Larry Kudlow says a alot of things which the remotely sane and/or knowledgeable among us immediately dismiss as nothing short of head-flapping punditry. Despite having been a fan of his since my High School days, now, all-too-often I find myself among the ranks of this group of critics. While I remain committed to many the basic tenants Kudlow espouses, it seems that over the past few years, he has finally reached the point where some of the things he says are just so ridiculous, so devoid of any ties to economic, social, or political reality, that he's finally become a caricature of himself (an accomplishment for which I suppose congratulations are in order, cheers!).
This fact was (even more) firmly cemented in my head this past Tuesday morning when Kudlow - filling in on CNBC's morning show - spouted off his uninformed "Go America" propaganda like a broken record. If I can summarize, his convoluted logic went something like this:
- Cheaper oil makes gas (amongst many other products) cheaper for American households
- ...which in turn leaves these same households with more money left over to spend on other things, like actually paying their mortgage, and spending more money on clothing, electronics and other discretionary products/services.
- Because homeowners will have that much more money available to put towards paying their over-extended mortgages, the value of the here-to-fore toxic MBS paper the Banks and other Financial Institutions have on their balance sheet increases substantially.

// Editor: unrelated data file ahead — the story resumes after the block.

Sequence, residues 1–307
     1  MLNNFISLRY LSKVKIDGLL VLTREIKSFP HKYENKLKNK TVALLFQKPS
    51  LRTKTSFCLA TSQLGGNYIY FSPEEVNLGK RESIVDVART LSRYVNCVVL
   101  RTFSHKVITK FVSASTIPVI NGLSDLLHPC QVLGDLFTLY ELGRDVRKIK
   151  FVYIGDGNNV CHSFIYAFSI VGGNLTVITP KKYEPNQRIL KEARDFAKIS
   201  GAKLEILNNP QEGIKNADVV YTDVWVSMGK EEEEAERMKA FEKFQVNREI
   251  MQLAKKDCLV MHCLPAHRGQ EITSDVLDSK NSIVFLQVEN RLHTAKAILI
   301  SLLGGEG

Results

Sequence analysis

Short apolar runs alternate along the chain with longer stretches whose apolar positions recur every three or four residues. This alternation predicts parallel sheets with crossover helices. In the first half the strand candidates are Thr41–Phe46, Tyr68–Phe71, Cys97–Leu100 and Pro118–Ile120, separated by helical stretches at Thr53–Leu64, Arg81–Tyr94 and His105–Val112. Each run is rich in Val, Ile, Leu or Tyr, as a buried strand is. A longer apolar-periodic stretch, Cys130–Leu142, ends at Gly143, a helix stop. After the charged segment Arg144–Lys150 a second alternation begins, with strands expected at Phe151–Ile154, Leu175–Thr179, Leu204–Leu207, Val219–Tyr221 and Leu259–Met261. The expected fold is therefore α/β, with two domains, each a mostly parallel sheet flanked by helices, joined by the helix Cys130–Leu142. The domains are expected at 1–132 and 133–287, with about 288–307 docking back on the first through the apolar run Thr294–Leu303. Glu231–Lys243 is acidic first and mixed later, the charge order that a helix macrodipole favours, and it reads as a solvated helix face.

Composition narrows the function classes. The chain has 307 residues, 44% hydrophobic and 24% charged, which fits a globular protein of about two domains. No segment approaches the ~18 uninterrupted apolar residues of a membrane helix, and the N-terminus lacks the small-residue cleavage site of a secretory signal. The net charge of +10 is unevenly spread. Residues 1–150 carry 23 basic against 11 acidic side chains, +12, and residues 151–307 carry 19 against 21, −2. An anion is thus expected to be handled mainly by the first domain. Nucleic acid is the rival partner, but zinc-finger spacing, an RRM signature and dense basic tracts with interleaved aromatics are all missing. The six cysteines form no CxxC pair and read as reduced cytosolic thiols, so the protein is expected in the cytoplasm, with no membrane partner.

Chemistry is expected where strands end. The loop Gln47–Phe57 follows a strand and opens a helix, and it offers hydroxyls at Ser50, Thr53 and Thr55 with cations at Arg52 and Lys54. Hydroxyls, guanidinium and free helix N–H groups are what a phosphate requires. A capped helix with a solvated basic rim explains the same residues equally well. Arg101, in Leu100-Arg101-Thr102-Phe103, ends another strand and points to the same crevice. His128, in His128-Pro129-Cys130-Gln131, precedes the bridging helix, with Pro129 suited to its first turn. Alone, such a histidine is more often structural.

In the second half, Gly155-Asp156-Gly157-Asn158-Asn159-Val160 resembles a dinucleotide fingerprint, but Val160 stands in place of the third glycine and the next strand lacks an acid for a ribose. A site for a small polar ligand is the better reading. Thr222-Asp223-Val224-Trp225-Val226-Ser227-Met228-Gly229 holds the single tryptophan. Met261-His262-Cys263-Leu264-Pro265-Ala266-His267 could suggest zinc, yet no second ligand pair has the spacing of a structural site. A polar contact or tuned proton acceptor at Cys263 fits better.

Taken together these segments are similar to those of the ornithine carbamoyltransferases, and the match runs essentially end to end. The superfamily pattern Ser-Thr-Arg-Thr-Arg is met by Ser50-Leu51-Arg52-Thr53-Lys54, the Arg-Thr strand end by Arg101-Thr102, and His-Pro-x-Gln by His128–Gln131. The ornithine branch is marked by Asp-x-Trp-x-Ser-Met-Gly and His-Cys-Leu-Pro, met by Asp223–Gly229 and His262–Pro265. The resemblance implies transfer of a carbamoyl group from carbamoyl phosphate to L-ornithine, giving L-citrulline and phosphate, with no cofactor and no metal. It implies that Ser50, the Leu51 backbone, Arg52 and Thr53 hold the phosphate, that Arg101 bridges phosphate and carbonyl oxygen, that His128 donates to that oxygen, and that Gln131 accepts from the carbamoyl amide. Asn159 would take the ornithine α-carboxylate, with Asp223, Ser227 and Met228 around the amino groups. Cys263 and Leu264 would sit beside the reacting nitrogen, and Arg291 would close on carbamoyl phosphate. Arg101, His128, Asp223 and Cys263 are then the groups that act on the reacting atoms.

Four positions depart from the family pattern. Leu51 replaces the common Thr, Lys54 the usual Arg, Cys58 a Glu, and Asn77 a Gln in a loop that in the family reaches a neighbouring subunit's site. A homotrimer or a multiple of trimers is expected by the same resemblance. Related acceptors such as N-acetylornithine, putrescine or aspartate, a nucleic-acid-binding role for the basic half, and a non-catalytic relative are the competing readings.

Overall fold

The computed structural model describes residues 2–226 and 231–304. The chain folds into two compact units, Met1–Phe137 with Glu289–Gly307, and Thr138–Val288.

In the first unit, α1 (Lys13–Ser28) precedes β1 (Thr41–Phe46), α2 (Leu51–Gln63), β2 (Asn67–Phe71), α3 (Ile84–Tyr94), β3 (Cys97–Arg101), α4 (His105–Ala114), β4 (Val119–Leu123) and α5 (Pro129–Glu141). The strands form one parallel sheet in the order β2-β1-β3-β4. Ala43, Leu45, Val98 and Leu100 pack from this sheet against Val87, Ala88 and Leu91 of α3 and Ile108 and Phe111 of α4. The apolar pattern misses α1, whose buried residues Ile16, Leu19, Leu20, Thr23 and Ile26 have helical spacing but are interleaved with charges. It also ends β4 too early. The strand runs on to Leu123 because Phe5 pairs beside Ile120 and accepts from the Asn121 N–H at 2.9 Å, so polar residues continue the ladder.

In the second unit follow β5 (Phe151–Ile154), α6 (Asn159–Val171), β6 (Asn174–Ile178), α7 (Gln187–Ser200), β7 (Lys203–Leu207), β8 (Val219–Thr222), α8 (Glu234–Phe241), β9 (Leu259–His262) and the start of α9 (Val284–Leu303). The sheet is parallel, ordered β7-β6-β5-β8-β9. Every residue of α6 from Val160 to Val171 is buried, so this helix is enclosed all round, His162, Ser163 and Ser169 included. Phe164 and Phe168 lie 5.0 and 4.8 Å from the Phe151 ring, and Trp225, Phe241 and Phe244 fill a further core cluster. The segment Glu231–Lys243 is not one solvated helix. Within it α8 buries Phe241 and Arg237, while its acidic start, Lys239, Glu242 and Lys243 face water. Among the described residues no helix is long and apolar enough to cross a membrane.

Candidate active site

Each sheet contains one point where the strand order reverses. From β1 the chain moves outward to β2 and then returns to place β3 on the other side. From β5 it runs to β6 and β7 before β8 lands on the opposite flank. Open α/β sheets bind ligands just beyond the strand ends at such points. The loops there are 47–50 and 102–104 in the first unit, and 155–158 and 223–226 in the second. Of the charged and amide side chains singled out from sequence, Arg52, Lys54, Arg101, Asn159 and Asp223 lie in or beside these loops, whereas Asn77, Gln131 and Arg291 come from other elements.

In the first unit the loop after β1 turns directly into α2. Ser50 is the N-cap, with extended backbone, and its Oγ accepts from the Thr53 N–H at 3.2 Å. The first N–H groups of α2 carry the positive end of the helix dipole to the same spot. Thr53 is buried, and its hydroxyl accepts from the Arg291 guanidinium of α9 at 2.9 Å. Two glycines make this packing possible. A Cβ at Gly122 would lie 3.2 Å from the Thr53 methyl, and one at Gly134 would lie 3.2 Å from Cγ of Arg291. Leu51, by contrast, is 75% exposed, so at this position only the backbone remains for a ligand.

- All things considered, these factors all combine - along with a strengthening dollar - to bolster our waning stock market, sending asset prices up UP UP!!
I'm not quite sure what data Larry's been looking at (or what he's been smoking perhaps), but the data I'm seeing suggests that this utopian thesis crumbles under even the slightest scrutiny. I put together a little spreadsheet to examine the basic savings from lower gas prices based upon a variety of mile per gallon and annual mileage variables. According to the U.S. Department of Transportation, as of 2005 the average passenger vehicle was driven slightly more than 12,000 miles each year and got about 23 miles per gallon. The below picture (a screenshot from one output of the model) illustrates the annual gas costs for vehicles of various fuel efficiency at different gas prices for an average passenger vehicle based upon the DOT data.
The yellow section shows an expected range of realized savings this year (assuming a slight increase in average mpg since the 2005 data was compiled), as fuel prices have dropped from their highs of over $4.00-$4.50/gallon and now appear to be settling down to the $3.00-$3.50 range across much of the country.
click to enlarge
Let us posit a hypothetical American household operating two vehicles, for the purposes of our example lets also imagine one is mid-size SUV and the other a mid-sized sedan getting 20 and 25 mpg respectively (the discussion on actual vs. observed fuel economy is another topic altogether so we'll save that for another time). If we assume that year-over-year fuel prices fall from an average of $4.00/gallon to $3.00, we'd expect the annual savings over the prior year's fuel costs for our hypothetical household (ceteribus paribus) to come out to $1,080 ($480 for the sedan and $600 for the SUV).
$1,000 is by no means an insignificant amount of money for many households, but Larry, come on buddy, lets get serious here: the majority of homeowneders being foreclosed on are falling far more than $90 a month short on their multi-thousand-dollar a month mortgages.